What Java is:
Java is a programming language developed in 1995 by Sun Microsystems . It is now managed by Oracle. The interesting thing that Java introduced is the concept of bytecode running on a virtual machine so one set of code could run “anywhere”. More history is available here, if you are interested: Java History.
Most programs are compiled into machine language that is targeted for a specific hardware and operating system. A program compiled for Windows will not run on a Mac (at least not without a special emulator), etc. What Java does differently is it doesn’t generate machine language code that the hardware understands, but instead generates “bytecode” which is code that a special Java virtual machine understands and executes. If there is a Java virtual machine for a piece of hardware then it can run any Java bytecode. This “compile once, run anywhere” concept generated lots of buzz, although in the real world, it is not as simple as writing one program that works everywhere.
It is now used for lots of different projects, including the Android operating system and native Android apps. You may or may not have Java installed and operational on your computer. I have it on all my machines because I develop for Android.
What Java is not:
Is this security warning real?
It is real for a few reasons. First, there is a significant security hole in Java that is yet unpatched and is being used by hackers right now to access personal data and install malicious software on computers. Second, many people do not even realize that Java is installed on their computer.
This issue needs to be taken very seriously. The good news is that the way these current exploits work is that they take advantage of Java through the browser. You can safely leave Java installed on your machine as long as you update your browser settings so that Java access is not allowed.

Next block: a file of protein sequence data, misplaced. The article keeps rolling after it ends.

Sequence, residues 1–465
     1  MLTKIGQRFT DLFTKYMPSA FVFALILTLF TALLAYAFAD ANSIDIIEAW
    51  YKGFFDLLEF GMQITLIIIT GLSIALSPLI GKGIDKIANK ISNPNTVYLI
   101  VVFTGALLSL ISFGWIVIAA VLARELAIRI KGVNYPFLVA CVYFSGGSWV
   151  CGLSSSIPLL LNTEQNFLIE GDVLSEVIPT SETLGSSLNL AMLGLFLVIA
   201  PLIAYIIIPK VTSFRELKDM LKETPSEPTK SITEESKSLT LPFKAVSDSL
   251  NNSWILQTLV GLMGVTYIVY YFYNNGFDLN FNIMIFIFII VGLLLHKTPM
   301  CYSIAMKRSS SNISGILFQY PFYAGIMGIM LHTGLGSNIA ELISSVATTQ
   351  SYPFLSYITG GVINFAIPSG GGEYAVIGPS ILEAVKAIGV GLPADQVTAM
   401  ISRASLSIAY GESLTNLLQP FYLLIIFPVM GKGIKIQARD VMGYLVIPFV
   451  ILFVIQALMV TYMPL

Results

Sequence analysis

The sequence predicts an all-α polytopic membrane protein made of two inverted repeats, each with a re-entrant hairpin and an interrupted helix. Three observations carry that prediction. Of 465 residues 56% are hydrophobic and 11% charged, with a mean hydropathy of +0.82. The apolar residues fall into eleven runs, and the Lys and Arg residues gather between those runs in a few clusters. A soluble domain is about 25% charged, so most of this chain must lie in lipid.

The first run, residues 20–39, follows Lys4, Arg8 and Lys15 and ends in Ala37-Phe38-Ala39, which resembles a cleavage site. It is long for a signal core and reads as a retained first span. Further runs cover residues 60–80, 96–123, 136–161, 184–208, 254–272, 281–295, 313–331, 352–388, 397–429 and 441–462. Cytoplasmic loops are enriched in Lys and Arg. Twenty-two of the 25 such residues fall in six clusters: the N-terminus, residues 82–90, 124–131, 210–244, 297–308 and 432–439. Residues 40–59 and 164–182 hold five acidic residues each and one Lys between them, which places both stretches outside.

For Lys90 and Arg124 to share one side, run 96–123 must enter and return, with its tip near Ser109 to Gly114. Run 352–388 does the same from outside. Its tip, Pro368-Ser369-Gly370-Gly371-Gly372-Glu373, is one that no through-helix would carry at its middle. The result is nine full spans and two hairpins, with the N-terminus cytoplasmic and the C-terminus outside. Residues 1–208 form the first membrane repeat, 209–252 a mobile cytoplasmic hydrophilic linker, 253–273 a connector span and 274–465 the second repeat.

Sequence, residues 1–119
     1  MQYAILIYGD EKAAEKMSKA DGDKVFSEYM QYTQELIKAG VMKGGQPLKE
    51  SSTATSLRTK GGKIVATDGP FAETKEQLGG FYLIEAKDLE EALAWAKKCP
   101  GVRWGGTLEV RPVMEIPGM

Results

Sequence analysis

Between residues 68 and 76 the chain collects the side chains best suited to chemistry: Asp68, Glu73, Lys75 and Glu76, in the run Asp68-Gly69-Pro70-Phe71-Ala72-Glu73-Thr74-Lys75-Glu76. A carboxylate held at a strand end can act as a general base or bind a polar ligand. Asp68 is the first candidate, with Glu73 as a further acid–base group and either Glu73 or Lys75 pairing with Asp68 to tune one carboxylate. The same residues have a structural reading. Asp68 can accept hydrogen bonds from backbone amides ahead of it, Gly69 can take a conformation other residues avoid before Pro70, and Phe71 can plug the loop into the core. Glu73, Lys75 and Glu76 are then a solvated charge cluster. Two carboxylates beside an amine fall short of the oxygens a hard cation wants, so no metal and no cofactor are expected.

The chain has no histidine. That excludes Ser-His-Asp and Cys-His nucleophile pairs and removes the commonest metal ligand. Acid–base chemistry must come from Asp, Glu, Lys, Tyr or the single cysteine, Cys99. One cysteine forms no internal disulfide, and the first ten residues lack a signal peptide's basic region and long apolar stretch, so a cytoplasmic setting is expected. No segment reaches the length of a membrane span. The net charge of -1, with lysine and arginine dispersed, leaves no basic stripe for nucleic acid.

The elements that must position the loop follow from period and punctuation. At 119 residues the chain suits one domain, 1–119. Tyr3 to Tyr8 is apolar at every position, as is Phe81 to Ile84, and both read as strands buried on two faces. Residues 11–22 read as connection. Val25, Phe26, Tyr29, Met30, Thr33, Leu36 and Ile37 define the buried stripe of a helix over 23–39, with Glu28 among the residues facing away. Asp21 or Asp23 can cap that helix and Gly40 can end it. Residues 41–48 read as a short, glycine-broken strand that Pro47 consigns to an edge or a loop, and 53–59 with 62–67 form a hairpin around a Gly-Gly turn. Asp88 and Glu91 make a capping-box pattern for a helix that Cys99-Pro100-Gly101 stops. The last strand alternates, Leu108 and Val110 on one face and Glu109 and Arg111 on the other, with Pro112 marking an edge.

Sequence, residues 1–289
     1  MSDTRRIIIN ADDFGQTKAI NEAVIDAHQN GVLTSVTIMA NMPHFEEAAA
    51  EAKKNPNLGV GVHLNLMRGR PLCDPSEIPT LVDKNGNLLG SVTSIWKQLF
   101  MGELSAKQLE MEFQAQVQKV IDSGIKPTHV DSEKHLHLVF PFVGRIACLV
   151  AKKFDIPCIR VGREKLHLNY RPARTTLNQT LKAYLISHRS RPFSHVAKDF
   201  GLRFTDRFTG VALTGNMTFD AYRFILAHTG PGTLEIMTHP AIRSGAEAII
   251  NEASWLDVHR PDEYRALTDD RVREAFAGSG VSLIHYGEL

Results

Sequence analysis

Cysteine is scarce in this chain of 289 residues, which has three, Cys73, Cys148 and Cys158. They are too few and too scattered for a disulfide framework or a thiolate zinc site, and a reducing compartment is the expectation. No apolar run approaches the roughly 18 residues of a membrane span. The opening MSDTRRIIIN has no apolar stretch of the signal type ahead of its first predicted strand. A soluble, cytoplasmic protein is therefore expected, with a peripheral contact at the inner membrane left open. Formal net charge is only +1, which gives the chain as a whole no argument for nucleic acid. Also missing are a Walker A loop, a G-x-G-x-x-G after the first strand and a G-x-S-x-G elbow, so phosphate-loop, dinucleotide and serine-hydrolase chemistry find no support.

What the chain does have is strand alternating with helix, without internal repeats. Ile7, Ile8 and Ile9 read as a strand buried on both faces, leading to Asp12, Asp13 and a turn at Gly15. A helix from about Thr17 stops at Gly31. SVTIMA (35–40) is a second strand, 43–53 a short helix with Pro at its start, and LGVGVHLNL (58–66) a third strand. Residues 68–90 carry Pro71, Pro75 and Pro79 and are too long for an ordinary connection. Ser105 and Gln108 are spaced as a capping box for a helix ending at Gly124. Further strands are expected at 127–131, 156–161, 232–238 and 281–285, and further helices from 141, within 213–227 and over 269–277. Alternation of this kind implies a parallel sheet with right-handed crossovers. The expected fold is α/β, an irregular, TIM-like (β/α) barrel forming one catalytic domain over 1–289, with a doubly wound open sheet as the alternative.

How do I know if I’m at risk?
Oracle provides an online tool that checks your current Java version:
The nice thing about this tool is if Java is disabled in your browser or if Java is not installed, then the tool will tell you that “No working Java was detected on your system.”
Important note: If you use more than one browser, be sure and run this check on all of them!
How do I disable Java in the browser:
I don’t really want to reinvent the wheel – this information is already widely available. Here are some links that explain how to disable Java in the browser:
Here is a pretty comprehensive set of instructions for all major browers:
Since dealing with IE is a major pain, here are some instructions for Oracle that are supposed to work for Java 7u10+:
(I tried to follow their instructions and my Java Control Panel did not match what is shown – your mileage may vary.)
UPDATE: Wow, I work with computers 10 hours every day and I had a rough time getting Java to disable in IE. I followed all the guides and non of the options worked. I finally figured out that I have the JRE (Java Runtime Environment) installed in two places:
C:\Program Files (x86)\Java\jre7\bin
Starting the Java Control Panel from the Windows Control Panel was giving me the older version of the panel without the new option to disable Java in the browser. By manually running javacpl.exe from the second location listed above – I was able to access the updated panel with this option. This enabled me to successfully disabled Java in Internet Explorer on my computer.
UPDATE 2: Looks like the massive publicity about this issue forced Oracle to move on the issue faster than they werre initially planning. There is a new release (Version 7, Release 11) that patches the two security flaws that allow malicious browser applets to exploit the local machine. Update Here.